Sugarcane farmers contracted to Mumias Sugar Company fear they may not be able to take their children to school this term for lack fees due to delayed payment of Sh700 million owed to them by the miller.
A number of them said they were yet to receive payment for their crop harvested between April and May last year.
“We thought Mumias would pay us before schools reopen, but that was not the case. Now my children have not reported to school due to lack of money,” said Alfred Osundwa.
Mr Osundwa, a father of five, said he expected to be paid Sh110,000.
The government had injected Sh2.76 billion into the State-owned company by end of last year as bailout money to help revamp it.
The government is yet to release a further Sh239 million to bring the figure to Sh3 billion, which is the total amount earmarked for the bailout.
Local leaders led by Mumias East MP Benjamin Washiali said the money might not be forthcoming any time soon since the management was reluctant to submit documents showing how the funds released were spent.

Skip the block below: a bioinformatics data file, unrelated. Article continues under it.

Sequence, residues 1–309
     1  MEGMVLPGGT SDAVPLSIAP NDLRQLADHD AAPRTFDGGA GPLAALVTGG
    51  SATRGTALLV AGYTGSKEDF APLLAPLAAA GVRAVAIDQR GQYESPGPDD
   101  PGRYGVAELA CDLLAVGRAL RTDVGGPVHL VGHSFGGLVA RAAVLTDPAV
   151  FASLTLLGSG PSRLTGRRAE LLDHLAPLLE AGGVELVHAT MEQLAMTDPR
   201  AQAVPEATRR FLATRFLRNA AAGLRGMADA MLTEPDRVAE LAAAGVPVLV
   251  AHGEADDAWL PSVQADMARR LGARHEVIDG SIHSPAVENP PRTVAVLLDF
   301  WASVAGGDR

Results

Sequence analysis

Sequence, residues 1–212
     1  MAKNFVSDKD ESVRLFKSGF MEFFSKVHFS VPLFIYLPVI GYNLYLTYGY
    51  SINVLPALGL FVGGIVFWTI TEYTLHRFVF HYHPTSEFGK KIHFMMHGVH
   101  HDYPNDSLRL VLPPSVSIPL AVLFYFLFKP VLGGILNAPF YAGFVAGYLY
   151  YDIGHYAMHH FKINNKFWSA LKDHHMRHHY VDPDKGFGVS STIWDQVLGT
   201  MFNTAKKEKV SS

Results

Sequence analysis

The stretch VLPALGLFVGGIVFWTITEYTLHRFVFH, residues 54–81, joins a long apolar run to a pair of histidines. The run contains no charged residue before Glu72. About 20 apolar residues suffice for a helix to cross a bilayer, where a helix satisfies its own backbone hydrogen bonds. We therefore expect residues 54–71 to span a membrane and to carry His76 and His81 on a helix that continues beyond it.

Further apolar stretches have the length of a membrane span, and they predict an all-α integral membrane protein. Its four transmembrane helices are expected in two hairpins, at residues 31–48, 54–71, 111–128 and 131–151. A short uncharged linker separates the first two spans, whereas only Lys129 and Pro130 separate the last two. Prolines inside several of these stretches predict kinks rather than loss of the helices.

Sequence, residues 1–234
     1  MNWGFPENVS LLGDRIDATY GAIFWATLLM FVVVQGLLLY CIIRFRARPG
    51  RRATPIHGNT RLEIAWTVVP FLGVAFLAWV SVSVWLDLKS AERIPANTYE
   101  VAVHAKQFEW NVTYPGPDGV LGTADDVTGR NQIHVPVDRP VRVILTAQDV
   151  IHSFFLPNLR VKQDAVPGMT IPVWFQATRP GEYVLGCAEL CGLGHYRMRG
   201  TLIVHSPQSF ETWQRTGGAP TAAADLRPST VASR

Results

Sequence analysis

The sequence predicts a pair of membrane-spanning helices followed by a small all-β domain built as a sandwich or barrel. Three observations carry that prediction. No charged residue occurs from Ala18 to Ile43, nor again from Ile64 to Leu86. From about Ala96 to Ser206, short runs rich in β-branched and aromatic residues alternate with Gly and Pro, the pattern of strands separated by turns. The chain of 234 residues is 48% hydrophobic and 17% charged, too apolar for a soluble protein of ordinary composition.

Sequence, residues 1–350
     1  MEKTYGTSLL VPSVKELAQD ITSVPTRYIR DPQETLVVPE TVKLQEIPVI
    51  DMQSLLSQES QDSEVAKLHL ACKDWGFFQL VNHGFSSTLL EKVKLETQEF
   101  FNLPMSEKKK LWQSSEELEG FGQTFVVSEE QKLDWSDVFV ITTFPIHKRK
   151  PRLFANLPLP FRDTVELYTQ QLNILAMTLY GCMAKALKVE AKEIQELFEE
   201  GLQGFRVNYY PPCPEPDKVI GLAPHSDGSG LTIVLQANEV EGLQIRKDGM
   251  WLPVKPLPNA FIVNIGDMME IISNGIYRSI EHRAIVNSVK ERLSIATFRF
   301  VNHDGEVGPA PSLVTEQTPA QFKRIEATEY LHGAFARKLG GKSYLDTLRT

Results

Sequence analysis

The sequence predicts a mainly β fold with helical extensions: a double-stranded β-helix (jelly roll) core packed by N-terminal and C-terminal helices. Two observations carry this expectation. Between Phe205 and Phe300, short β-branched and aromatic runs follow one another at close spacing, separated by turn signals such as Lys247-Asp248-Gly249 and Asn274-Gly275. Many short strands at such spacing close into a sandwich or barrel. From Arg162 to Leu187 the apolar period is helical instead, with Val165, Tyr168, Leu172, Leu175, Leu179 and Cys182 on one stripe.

“We want the management to give a full financial report on how the funds received were used and if they were directed to the intended use before expecting more money,” he said.
Earlier, the firm’s chief executive officer Errol Johnson noted that the bulk of the money was committed to factory rehabilitation in a bid to improve efficiency and cane development to address raw material shortage and payment of farmers’ arrears.
Mr Johnson admitted that his firm was yet to clear farmer’s arrears, which continue to accumulate into hundreds of millions of shillings.
The Kenya National Federation of Sugarcane Farmers Deputy secretary-general Simon Wesechere asked the company to clear arrears owed to farmers before engaging in any other activity.
Mr Wesechere said arrears accumulated due to poor management strategy that has plunged the factory into serious crisis.